5. Felicia*

      I’m an INFJ a lot of the time too!:) My feeling and thinking are very close to 50/50, so sometimes I am an INTJ. I find that INFJ people tend to congregate most often on fairly intelligent internet discussion groups, so you’ll find us online in certain types of settings more than the general population.

    6. Anon*

      I just scored as one apparently. Though I have slight differences between most of them, it just depends on the day.

      1. Plynn*

        I think I tested as a teenager as an INFP, with the P/J being fairly borderline. I evolved over the years into testing stronger for the J, but then the F started to blur more into T…

        I think the only thing I can really say for certain is that I’ve had to do that test way too many times…

    7. German Chick*

      So am I! But then again, Myers-Briggs has a low reliability and validity so I don’t really identify with my test result…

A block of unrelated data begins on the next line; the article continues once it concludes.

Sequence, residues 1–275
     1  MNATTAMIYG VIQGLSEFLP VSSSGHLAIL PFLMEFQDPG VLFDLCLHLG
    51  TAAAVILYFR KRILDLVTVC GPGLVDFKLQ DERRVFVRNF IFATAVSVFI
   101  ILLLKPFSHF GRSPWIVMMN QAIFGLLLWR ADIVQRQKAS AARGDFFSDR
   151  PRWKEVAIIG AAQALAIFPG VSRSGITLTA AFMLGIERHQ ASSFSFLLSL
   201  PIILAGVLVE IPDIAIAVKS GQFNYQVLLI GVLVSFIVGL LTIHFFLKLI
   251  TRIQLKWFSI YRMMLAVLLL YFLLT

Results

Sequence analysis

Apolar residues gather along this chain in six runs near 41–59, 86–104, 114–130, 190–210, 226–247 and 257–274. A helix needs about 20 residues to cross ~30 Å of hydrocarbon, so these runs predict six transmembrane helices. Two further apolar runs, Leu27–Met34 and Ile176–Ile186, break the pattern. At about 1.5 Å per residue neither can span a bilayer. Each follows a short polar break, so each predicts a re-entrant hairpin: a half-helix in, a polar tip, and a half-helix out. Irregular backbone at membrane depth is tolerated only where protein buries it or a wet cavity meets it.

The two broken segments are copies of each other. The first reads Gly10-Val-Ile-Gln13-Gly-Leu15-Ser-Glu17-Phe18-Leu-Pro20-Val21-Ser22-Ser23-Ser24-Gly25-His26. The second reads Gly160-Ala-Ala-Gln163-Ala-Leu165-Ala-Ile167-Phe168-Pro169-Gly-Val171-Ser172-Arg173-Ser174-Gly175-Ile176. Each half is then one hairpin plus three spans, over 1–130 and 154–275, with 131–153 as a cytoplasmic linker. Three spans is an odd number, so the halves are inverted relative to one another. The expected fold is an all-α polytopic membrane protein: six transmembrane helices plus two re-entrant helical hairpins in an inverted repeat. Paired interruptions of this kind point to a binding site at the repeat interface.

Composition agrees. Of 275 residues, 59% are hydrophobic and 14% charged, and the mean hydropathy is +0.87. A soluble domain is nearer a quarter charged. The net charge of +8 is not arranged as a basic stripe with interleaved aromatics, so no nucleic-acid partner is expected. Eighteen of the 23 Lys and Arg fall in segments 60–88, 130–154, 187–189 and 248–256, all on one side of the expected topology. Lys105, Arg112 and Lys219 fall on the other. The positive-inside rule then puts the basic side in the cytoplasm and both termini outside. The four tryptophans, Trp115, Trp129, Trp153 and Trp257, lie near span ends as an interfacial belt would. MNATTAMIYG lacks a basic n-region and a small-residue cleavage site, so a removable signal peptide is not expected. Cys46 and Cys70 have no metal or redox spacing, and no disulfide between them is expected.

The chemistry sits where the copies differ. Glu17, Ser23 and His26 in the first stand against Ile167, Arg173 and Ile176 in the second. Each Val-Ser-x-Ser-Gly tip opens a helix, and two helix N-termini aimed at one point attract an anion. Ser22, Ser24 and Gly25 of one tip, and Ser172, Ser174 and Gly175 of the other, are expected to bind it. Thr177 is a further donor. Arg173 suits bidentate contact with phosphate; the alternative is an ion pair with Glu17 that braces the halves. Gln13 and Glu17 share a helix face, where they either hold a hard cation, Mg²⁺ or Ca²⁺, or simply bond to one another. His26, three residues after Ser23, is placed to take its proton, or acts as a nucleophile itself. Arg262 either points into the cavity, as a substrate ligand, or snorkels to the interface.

8. Anonymous*

      INFJ/INTJ/INFP/INTP. If you’re “average” in an area, the test results will still sort you into one or the other.

    9. Meganly*

      I am an INFJ as well! I didn’t realize that it’s the “psychic” type; my partner accuses me of reading his mind all the time, so maybe it’s right. :P

  3. The IT Manager*

    AAM speaks the truth. :)

    I don’t know what your Myers-Briggs results are supposed to signify unless you think that one personality type is inherently better at the job you’re applying for than others. All of the various results come with a list of famous people who have had that personality type so I think it essentially means nothing.